Items not required by Endeavour for the remainder of its mission, such as used lithium hydroxide canisters, a second OPS and the now-useless docking probe and drogue, were left in the LM to be jettisoned with it. In the light of the Soyuz 11 incident, this jettison was to occur with the crew fully suited up. Irwin was the last to leave Falcon's cabin, closing its overhead hatch behind him. Once everyone was inside the command module, the forward hatch was installed and a check made for leaks. At this point, Scott had to deal with a slight pressure leak in his suit. ''Okay, we are going to be a few minutes here. We got to put some LCG plugs in our suits and it's going to take probably about 10 or 15 minutes to get all that done.''

This communication was the start of a confused episode which involved the checking of suit and hatch integrity. Scott's boss, Deke Slayton, came on to the communications loop, betraying management's sudden concern at the crew's deviation from the flight plan. Scott's problem with the plugs in his liquid cooled garment (LCG) was a minor remedy for a leak that was probably brought on by the wear and tear from the tenacious and abrasive lunar dust.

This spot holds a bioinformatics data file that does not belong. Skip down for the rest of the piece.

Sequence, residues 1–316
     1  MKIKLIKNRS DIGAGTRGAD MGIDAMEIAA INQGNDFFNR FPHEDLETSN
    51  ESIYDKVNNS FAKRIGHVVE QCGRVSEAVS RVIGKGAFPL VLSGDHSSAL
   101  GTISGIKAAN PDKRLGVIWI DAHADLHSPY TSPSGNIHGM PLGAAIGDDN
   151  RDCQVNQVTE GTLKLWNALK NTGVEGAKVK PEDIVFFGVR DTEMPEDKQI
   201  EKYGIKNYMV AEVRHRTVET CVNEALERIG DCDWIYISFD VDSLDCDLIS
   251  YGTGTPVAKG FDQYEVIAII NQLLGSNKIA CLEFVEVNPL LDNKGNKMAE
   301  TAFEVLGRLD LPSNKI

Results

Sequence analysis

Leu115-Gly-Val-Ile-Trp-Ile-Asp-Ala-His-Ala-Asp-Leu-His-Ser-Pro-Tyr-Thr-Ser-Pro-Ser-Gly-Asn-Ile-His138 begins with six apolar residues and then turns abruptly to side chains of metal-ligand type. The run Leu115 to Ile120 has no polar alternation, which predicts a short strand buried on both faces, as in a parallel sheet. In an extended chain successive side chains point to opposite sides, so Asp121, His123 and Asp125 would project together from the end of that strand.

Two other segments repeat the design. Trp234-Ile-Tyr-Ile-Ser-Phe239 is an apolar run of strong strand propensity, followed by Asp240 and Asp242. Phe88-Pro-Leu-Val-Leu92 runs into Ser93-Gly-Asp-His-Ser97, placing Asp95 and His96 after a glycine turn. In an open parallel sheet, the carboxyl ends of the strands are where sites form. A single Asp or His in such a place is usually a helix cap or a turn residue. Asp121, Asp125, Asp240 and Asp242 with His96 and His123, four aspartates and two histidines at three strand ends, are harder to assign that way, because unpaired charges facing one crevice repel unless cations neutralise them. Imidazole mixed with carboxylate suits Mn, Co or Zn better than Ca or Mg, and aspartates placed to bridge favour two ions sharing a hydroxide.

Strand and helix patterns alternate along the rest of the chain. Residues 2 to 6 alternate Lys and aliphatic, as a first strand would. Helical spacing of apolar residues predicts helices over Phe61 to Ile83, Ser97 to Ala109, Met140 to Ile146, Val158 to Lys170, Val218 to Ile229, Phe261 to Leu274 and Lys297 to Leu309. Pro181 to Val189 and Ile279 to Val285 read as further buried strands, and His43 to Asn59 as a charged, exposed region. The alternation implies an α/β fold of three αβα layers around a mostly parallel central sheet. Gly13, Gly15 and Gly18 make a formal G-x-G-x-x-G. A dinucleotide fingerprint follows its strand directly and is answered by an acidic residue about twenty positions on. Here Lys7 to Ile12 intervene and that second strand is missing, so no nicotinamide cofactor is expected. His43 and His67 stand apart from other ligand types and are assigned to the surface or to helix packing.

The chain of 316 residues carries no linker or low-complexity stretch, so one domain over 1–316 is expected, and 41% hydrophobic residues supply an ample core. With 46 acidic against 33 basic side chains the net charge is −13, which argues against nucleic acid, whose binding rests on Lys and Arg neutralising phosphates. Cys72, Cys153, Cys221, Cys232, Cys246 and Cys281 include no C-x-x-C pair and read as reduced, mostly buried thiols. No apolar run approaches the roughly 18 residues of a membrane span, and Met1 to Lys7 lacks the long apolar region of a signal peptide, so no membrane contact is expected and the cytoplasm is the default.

''Hey, one quick question. How come you guys need plugs for those suits?'' asked Slayton.

''Well, because, apparently, the LCG connection on the inside won't hold an air seal,'' replied Scott. ''So we're getting them taken care of with these extra little blue plugs we got that are airtight on the inside.''

''Roger. We thought those plugs only were required when the LCG was not on. We're trying to crack that one for you down here, Dave. There's something screwy here.''

''Okay. Well, we'll put these plugs in and run another pressure integrity check and see how it works.''

Scott's subsequent successful suit integrity check put the crew slightly behind their timeline, but Slayton's intervention displayed the start of management's jitteriness about the crew and their tiredness when a slightly abnormal situation arose. Then, with only a few minutes to go before LM jettison, another pressure integrity problem became evident when Worden reported the pressure difference between the cabin and the tunnel.

"Copy, 2.0,'' confirmed Bob Parker at the Capcom console.

The crew could use the tunnel vent valve to bleed air out of the tunnel between the two spacecraft. Had it been completely evacuated, this pressure reading, given in pounds per square inch (psi), would show between 5 and 6 psi, essentially the absolute cabin pressure. Their procedures called for the reading to be at least 3 psi prior to jettison. The fact that it was only 2 psi when it had earlier read 3 psi strongly suggested that air was entering the tunnel through either the LM hatch or the CM hatch. Compounding the jitters in the MOCR was the knowledge that, on the way to the Moon, Scott had misinterpreted the settings of the valve that both vented the tunnel and allowed the crew to monitor the pressure.